Featured office

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Featured office: Lieutenant Governor

Quick facts about Lieutenant Governor
  • 43 states directly elect Lt. Governors
  • There are 14 are Democratic and 30 Republican Lt. Governors.
  • 17 are elected completely separate from the Governor, 26 share the ticket either in the general election or both primary and general.
  • Salary range: Texas $7,200 - New York $151,500

In the United States the main duty of the Lieutenant Governor is to act as Governor should the Governor be temporarily absent from the office. In addition, the Lieutenant Governor generally succeeds a Governor who dies, resigns, or is removed in trial by the legislative branch. In most states, the Lieutenant Governor then becomes Governor, with the title and its associated salary, office, and privileges. In a few states, like Massachusetts, the Lieutenant Governor instead becomes "Acting Governor" until the next election. But other than this primary constitutional duty, most state constitutions do not prescribe the duties of the Lieutenant Governor in detail. Making matters even murkier, in some states such as Alaska, Hawaii, and Utah, the position of Lieutenant Governor is equivalent to that of Secretary of State.

And in four states, the title of Lieutenant Governor does not exist at all. These states are Maine, Arizona, Wyoming, New Hampshire, and Oregon. Only two states do not have direct elections for lieutenant governor - Tennessee and West Virginia. In both states, whomever is elected the President of the State Senate is the de facto Lieutenant Governor. In Tennessee, the full title of this individual is, "Lieutenant Governor and Speaker of the Senate." In West Virginia, recent legislation allows the Senate President to use the title, "Lieutenant Governor." Prior to that change, West Virginia did not have a lieutenant governor.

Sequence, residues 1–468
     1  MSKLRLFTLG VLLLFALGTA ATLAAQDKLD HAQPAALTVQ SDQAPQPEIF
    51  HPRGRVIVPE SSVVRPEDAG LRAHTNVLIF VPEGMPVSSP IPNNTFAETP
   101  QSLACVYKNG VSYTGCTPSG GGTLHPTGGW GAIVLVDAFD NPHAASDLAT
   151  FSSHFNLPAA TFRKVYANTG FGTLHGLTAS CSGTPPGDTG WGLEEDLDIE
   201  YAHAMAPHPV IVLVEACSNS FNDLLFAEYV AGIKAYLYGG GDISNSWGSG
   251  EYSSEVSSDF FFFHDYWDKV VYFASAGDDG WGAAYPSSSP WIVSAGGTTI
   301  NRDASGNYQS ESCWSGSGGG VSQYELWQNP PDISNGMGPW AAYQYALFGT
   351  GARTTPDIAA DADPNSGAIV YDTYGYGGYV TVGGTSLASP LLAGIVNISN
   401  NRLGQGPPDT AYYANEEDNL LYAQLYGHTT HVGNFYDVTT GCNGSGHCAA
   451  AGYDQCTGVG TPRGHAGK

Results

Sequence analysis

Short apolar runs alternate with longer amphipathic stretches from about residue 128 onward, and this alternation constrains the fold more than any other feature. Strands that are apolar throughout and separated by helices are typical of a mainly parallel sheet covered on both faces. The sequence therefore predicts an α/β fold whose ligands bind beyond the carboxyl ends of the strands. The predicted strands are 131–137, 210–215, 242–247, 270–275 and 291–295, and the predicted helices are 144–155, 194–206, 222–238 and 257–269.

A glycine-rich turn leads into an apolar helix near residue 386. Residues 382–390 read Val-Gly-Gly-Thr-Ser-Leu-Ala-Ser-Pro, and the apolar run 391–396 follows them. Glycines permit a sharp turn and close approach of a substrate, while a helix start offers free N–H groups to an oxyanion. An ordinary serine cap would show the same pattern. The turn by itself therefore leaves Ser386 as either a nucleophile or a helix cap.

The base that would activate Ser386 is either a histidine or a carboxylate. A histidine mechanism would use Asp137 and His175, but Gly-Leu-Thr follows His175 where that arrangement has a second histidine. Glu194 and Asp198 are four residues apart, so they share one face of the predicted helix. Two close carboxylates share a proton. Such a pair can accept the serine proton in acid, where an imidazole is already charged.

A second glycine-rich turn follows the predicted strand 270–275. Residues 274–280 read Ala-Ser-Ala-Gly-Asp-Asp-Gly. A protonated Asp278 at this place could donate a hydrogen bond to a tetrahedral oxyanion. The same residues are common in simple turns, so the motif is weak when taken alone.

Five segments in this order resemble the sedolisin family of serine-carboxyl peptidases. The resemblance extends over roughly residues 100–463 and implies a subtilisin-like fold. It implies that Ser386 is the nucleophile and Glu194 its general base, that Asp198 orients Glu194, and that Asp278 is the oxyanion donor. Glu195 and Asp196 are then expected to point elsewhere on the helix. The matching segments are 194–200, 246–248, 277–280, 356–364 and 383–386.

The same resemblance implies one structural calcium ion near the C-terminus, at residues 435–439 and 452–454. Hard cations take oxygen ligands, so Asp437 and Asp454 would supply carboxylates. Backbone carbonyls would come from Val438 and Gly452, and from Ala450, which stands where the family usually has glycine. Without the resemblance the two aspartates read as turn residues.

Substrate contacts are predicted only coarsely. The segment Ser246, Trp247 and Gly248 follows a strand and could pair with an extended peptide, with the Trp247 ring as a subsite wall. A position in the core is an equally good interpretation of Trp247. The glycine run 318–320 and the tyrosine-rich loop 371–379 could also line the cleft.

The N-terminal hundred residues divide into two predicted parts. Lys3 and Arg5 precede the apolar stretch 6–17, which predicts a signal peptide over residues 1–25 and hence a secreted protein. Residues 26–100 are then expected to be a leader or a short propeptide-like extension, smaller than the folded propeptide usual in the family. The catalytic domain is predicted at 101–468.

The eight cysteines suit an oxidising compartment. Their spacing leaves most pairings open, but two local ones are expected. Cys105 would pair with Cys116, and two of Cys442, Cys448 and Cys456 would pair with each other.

The fact that Arizona has no lieutenant governor has received some special attention in recent weeks due to Arizona Governor Jan Brewer's interest in seeking re-election in 2014. Brewer is technically ineligible to run in 2014 because of the state's term limit laws for state executive officials, which count even partial terms served toward the maximum two consecutive terms an executive can hold a seat. Since the Arizona Constitution does not provide for the position of Lieutenant Governor, when former Gov. Janet Napolitano resigned to become United States Secretary of Homeland Security in January of 2009, Brewer, then the secretary of state, was the first in the line of succession. Now the same constitution that dictated her automatic ascension in 2009 says she will have to warm the bench for four years after her first elected full term expires and she is considering taking her disagreement to court.

The Lieutenant Governor of Texas plays an active role as presiding officer of the State Senate and is often rumored to be more powerful than the governor. The current lieutenant governor of Texas is David Dewhurst. As of 2010, he was paid $7,200, the lowest lieutenant gubernatorial salary in America.[14]

Tying in the earlier discussion, the lieutenant governor of Texas is not subject to term limits. Despite this lack of restriction, between 1847 and the present day, only one lieutenant governor has held the office for more than 8 years: William Pettus Hobby, Jr., whose tenure lasted from 1973-1991. David Dewhurst, who was first elected in 2003, lost his U.S. Senate bid this year and is now on track to become the second person on that list. Perhaps this pattern of brief service has something to do with the measly pay.

References